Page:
Pedro Pena was a school teacher in Cuba when Brayan was growing up, and though he wasn't a baseball coach, baseball is a universal language in that country. He encouraged his son to pursue his dream of reaching the Majors someday.
"He told me: 'Whatever happens, I'm always gonna back you up. You're my son, and it doesn't matter what your destination is going to be, it doesn't matter what your future is going to dictate. I'm always going to be here for you, and I'm always going to have your back,'" Brayan recalled. "He's very excited that I'm playing ball."
Pedro now lives in Orlando, Fla., two doors away from Brayan's own home in the offseason. Pedro makes certain that he never misses a Reds game, whether he's watching it live or has to DVR it while he's at work.
"If he's at work or something like that, he makes sure to record the game, and after that he watches the game," Brayan said.
A byproduct of the Cuban passion for baseball is that Pedro, like many fathers of Cuban ballplayers, often has advice for his son when it comes to hitting.
"He'll call me or I'll get a text message or e-mail saying, 'Hey, we need to talk, because you're not using your hands that much,'" Brayan said, laughing. "He thinks he knows a lot about hitting, but he never played. But in Cuba, everybody follows baseball and everybody thinks they're a manager or a hitting coach or pitching coach.
"He calls me in the middle of the night and goes: 'Hey, why are you swinging at the first pitch?' or 'Hey, you need to be more selective!'"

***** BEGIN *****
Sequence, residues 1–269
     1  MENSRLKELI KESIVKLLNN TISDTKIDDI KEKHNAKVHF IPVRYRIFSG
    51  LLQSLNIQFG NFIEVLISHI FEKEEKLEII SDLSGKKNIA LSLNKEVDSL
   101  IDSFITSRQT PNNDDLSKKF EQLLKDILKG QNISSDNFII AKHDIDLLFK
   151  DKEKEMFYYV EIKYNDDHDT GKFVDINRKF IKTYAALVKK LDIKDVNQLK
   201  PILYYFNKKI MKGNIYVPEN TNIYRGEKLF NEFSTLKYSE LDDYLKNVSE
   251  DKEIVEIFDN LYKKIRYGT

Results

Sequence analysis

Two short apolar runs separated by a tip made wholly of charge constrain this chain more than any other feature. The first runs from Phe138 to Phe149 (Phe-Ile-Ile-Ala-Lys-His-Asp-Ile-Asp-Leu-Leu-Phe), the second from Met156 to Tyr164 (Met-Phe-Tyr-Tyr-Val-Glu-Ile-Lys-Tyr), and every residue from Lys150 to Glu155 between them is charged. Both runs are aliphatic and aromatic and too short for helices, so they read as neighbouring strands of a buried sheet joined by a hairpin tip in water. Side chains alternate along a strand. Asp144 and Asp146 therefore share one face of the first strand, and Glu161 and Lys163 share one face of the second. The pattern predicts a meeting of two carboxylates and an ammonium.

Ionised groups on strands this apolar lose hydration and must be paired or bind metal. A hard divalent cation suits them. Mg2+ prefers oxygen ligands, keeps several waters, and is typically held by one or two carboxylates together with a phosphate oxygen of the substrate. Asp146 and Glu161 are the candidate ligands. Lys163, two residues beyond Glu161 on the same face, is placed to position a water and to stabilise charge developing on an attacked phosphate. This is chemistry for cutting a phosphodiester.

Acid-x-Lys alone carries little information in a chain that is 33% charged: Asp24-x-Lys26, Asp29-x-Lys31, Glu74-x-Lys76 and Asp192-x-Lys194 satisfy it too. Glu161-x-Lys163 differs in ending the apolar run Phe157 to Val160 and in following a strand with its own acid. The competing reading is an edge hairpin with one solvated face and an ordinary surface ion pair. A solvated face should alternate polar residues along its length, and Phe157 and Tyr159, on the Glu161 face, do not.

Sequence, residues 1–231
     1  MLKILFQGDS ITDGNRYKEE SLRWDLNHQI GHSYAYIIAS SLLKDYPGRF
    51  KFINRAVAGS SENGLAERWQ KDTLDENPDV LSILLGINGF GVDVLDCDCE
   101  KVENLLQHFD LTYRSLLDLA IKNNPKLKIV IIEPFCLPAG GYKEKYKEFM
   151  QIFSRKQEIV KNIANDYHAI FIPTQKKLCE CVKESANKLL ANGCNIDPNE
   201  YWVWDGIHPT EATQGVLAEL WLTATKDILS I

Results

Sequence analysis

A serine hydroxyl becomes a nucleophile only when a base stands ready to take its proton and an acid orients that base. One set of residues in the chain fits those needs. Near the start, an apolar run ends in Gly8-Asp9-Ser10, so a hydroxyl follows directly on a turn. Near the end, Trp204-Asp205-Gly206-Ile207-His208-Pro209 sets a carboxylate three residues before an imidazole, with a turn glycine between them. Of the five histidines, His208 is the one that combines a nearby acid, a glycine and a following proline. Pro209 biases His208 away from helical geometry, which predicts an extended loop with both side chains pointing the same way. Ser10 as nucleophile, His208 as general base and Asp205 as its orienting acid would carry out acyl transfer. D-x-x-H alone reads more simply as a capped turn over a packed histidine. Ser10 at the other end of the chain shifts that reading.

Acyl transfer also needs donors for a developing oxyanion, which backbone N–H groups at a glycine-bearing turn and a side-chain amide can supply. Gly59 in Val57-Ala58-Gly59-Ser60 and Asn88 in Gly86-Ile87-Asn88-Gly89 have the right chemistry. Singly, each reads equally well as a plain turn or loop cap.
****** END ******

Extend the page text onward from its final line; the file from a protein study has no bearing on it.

It wasn't easy for Pena's parents when he left for the United States to pursue his big league dream. Both had their jobs taken away, but Pedro knew that was part of the sacrifice he and his wife would have to make for Brayan to have a shot at realizing his goal.
"He kind of knew it was coming," Brayan said. "He wanted me to be able to do my thing."
Brayan said that he wants to be the type of father Pedro has been to him, for his own children, Brayan, Jr. and Javier.
"All of his support and all his love, it means a lot to me and my dad is my everything," he said. "And I try to be the same way with my kids. I try to pass along the torch and make sure I never force my kids to do anything, and make sure they appreciate and know that they don't just have a dad, they have a friend. And that's the way I feel about my dad."
Major League Baseball players are often considered heroes to youngsters not only across America, but all over the world. So it's always special to hear a big league ballplayer talk about his own hero.
In Brayan Pena's case, it's always been a schoolteacher from Cuba who showed him unconditional love and support in his passion.
"My dad has been my hero," he said.